There's plenty to worry about during this global pandemic but as Sasha Bates reveals we can stop fear and anxiety in ourselves and others developing into widespread panic
Last night I was talking to a highly anxious friend. As soon as I came off the phone, I noticed a feeling of agitation and fear and went to wash my hands. Again!
I hadn’t moved from my sofa since the last wash, but just hearing her anxiety increased my sense of being in imminent danger. It struck me that I was in the grip of ‘emotional contagion’, whereby our own nervous systems can be ‘infected’ by those of the people around us.
This is a well-known phenomenon amongst psychotherapists and one we have to guard against when faced with a working day full of clients in all varieties of emotional states. And that was true even before Coronavirus sent us all spiralling down emotionally heightened rabbit holes.
Emotions are ‘catching’. Generally, that’s a good thing, it’s the basis of empathy – I can feel into what you are feeling and so can gain some idea of your experience and therefore feel more compassionately towards you. Similarly, being greeted with a smile and a sunny disposition can provoke a feeling of wellbeing in the receiver too. However, what works for the pleasant emotions is equally true for the less pleasant. Think how quickly an argument can escalate as the anger of each participant ratchets up the tension in the other.
Anxiety is a classic example of this vicious circle, and is a virus currently being transmitted at a rate far higher than that of Covid-19 itself.
The good news is that a state of calm is equally contagious, and you can turn that vicious circle into a virtuous circle. Attend to your own state of calm and you will automatically transmit a greater sense of composure to those around you.
Buddhist monk, Thich Nhat Hanh describes how a small, crowded boat facing storms will capsize if everyone panics, but that if just one person stays calm and centred, the whole boat can steady itself.
In my book Languages of Loss, I also use a lot of ocean-based metaphors. Since my husband, Bill, died I have lost faith in the supposed reliability of the ground to hold solid. Picturing myself balancing on a constantly shifting ocean and learning to find internal steadiness upon this ever-changing support, has often stopped me capsizing. I find myself returning to this image, and my ways of finding internal balance, more than ever now that our known certainties are slipping away. So how do we do that?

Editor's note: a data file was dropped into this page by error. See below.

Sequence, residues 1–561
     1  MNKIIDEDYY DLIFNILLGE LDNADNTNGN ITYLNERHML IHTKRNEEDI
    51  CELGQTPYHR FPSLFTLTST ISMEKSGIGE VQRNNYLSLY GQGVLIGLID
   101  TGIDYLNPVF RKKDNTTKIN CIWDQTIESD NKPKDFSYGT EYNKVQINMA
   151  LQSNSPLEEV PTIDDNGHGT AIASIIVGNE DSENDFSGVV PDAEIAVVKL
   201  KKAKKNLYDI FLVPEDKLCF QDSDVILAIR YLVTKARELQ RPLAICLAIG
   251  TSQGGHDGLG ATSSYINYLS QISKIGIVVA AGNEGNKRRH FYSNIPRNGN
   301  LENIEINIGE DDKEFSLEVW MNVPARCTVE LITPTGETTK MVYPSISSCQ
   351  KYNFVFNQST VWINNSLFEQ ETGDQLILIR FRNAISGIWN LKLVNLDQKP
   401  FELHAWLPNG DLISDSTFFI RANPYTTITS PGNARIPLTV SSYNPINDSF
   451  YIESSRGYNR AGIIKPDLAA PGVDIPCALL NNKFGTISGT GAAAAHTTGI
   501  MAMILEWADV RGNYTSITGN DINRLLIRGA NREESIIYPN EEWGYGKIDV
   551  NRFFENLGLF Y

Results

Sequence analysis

Most importantly, understand that you cannot control Covid-19. Stop trying, it’s a pointless task and will only serve to reinforce your sense of helplessness. Instead focus on the things that you can control.
Get to know yourself better
Regularly doing a quick ‘body scan’ to check in with how you are feeling can serve two purposes. By moving the focus down to your body, you get a few moments respite from the endless thoughts unhelpfully circling in your head, and it helps you recognise what normal feels like. Only familiarity with ‘normal’ will help you quickly identify when you have moved away from it and into a state of heightened anxiety.
Do something to dissipate the cortisol
Anxiety unleashes cortisol into your blood stream and which is currently coursing through your body sounding the panic alarm. Any form of exercise can help to lower this – dance round your kitchen, run up and down the stairs, or even better, get out into the fresh air for a jog or walk or cycle.
Focus on your breathing
Consciously slow your breathing by counting the length of both the inhale and especially the exhale. Start by breathing in for a count of 4, and out for 8 and gradually build up to longer counts. This will help your nervous system to transition out of agitation and into calm.
Turn off the negative news
Try to turn your attention away from the endless drip-feed of negative news and others’ panicked responses and instead lose yourself in something that brings you into the present moment, so absorbing you so that you lose interest in the extraneous noise. For me that includes yoga, stroking my cats, cooking, gardening, reading and meditation. For others it might be playing music, creating art or knitting. Use this period of enforced stillness to find whatever that might be for you.
If you are stuck inside with several demanding children or flatmates, then that is going to be harder to do, but it is also even more necessary as you are more likely to be constantly infecting each other. Remember, if those you live with are agitated and anxious then the best way you can help them is to reverse the infection.
Time spent calming your own nervous system will actually, via emotional contagion, calm them too so it really is time well spent for all concerned. Just as with germ-based viruses, not getting infected by the anxiety sweeping through our news and social media feeds is hard, but far from impossible.
In just two weeks we’ve all, with a bit of effort, quickly adapted to the new habit of washing our hands and not touching our faces. So too can we learn to adapt our responsiveness. Emotional habits might be harder to undo but, as with the behavioural, a bit of effort and focused attention means things slowly start to change.
Protect yourself from emotional contagion, learn to calm your own nervous system, and you will then naturally be influencing and calming those around you.
* Languages of Loss by Sasha Bates is published by Yellow Kite and is available on hardback, ebook and audio